Federal District Judge B. Lynn Winmill today set a trial date in CIR’s long-running case on behalf of the Muellers, a family whose five-week old daughter was unlawfully seized by police and state child protection officials in a Boise, Idaho, emergency room.
Corissa Mueller had brought her daughter Taige to the ER with a slight fever. After discussing her treatment with an ER doctor, Mrs. Mueller elected to wait and see how Taige was doing before deciding whether to authorize a spinal tap. The doctor didn’t like this decision (even though it’s considered reasonable by eminent pediatricians), and he got social workers and the police involved. The police physically seized Taige from Mrs. Mueller (and held the latter in a room for an hour without letting her use the phone) and the doctor did his spinal tap — which a few hours later came back negative for meningitis. Doctors now figured Taige had a cold. The social workers held onto Taige for another day, though, and also administered the baby unnecessary steroids–a treatment to which Mrs. Mueller would not have consented. And nobody bothered to phone father Eric Mueller (at home taking care of the couple’s other child) and tell him what was in store for his daughter until it had been done.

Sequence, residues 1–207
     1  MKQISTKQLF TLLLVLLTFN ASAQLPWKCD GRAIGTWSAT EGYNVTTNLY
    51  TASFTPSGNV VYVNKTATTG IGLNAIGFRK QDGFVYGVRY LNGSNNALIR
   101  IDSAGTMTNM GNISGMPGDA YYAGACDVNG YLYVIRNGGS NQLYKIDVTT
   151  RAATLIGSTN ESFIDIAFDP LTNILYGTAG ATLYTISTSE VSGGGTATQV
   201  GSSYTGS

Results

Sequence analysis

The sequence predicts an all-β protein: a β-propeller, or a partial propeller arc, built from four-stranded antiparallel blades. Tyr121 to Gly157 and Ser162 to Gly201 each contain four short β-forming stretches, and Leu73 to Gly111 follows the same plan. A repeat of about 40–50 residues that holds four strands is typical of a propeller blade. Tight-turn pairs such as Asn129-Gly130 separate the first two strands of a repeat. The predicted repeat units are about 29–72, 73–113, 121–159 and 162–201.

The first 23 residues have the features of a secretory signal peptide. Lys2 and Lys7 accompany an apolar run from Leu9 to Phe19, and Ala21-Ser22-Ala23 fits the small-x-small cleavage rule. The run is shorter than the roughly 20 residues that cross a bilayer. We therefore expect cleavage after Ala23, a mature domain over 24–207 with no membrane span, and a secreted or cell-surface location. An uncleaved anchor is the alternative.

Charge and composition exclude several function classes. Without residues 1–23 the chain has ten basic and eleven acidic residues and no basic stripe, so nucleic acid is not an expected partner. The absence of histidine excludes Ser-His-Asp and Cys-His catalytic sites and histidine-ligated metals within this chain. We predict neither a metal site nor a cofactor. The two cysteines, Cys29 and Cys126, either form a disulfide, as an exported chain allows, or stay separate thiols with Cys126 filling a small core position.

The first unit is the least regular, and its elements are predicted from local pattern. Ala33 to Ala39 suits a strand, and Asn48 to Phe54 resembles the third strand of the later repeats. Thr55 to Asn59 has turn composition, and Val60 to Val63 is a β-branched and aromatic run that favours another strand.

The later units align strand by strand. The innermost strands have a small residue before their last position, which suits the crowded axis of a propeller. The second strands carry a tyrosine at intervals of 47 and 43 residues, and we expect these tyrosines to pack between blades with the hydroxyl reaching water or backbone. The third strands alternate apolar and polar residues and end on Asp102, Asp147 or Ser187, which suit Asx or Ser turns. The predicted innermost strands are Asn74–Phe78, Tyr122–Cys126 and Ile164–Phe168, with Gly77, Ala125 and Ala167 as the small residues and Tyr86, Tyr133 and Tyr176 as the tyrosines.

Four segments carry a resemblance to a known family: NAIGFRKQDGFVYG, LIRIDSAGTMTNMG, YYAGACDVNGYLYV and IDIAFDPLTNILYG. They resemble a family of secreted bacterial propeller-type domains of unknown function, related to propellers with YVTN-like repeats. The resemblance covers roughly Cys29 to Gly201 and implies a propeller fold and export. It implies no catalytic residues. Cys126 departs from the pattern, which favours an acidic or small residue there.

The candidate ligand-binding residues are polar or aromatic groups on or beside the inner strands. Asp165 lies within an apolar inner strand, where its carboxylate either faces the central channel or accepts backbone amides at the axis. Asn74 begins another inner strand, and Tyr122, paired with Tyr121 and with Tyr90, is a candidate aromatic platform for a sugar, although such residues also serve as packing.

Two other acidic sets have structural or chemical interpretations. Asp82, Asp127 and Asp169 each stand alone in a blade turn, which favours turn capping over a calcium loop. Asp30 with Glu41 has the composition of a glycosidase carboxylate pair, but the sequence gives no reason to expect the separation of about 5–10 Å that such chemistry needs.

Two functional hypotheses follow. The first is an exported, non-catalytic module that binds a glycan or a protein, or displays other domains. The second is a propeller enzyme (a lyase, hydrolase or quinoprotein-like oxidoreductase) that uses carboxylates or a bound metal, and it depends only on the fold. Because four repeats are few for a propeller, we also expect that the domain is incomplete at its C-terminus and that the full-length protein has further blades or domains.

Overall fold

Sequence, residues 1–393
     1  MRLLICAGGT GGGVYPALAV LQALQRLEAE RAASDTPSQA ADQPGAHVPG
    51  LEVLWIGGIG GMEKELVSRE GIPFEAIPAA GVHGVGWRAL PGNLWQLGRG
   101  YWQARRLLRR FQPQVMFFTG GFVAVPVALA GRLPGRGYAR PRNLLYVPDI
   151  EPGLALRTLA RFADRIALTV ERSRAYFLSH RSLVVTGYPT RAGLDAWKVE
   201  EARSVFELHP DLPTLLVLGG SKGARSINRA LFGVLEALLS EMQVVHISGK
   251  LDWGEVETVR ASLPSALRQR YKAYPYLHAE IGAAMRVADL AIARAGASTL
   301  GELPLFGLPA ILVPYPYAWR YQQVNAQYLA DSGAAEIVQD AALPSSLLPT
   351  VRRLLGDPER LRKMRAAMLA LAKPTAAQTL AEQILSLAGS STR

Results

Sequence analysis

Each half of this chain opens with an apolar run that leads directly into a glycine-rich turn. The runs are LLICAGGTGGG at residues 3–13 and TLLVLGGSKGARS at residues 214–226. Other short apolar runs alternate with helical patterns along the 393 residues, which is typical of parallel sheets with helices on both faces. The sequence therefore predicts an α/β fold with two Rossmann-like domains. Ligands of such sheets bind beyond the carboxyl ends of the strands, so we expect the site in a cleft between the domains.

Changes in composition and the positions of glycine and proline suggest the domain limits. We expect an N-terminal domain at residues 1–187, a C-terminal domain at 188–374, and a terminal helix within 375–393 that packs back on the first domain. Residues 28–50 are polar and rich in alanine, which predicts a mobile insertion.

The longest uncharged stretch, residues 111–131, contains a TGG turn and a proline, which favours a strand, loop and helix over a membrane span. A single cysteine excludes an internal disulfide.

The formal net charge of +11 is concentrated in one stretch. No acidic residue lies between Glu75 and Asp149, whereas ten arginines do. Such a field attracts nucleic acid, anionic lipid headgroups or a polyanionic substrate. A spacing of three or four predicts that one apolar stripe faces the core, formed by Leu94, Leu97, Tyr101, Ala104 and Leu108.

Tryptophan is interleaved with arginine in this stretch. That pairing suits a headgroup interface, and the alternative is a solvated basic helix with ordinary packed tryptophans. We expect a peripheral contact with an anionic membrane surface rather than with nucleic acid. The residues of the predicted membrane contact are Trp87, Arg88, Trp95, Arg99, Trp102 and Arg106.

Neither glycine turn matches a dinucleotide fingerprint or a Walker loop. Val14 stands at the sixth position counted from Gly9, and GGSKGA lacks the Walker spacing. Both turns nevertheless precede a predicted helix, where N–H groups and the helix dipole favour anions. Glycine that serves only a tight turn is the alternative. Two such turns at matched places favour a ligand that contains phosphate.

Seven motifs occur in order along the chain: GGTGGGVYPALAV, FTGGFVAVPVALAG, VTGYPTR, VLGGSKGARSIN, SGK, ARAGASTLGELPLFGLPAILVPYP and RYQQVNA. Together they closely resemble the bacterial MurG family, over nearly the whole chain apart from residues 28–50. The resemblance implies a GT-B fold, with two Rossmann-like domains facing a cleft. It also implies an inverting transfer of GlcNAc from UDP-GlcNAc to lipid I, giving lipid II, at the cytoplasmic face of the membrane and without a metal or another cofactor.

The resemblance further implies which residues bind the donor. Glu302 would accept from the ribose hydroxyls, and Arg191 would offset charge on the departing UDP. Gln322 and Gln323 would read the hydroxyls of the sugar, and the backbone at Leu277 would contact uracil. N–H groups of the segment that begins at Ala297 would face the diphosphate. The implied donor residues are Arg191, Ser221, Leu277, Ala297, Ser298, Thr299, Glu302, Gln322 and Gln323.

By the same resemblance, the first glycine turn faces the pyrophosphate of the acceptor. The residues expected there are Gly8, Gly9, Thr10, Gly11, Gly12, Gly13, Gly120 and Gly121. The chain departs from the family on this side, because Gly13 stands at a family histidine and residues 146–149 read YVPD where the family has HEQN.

CIR sued on behalf of the Mueller family, and in February 2007, Judge Winmill found that social workers and the police detective who seized Taige violated the family’s constitutional rights relating to who should make decisions about Taige’s medical treatment. The judge reserved the main factual question of whether Taige was in imminent danger when seized for trial. Following an appeal by the police detective on a minor issue, today the judge set a date for that trial: June 7, 2010.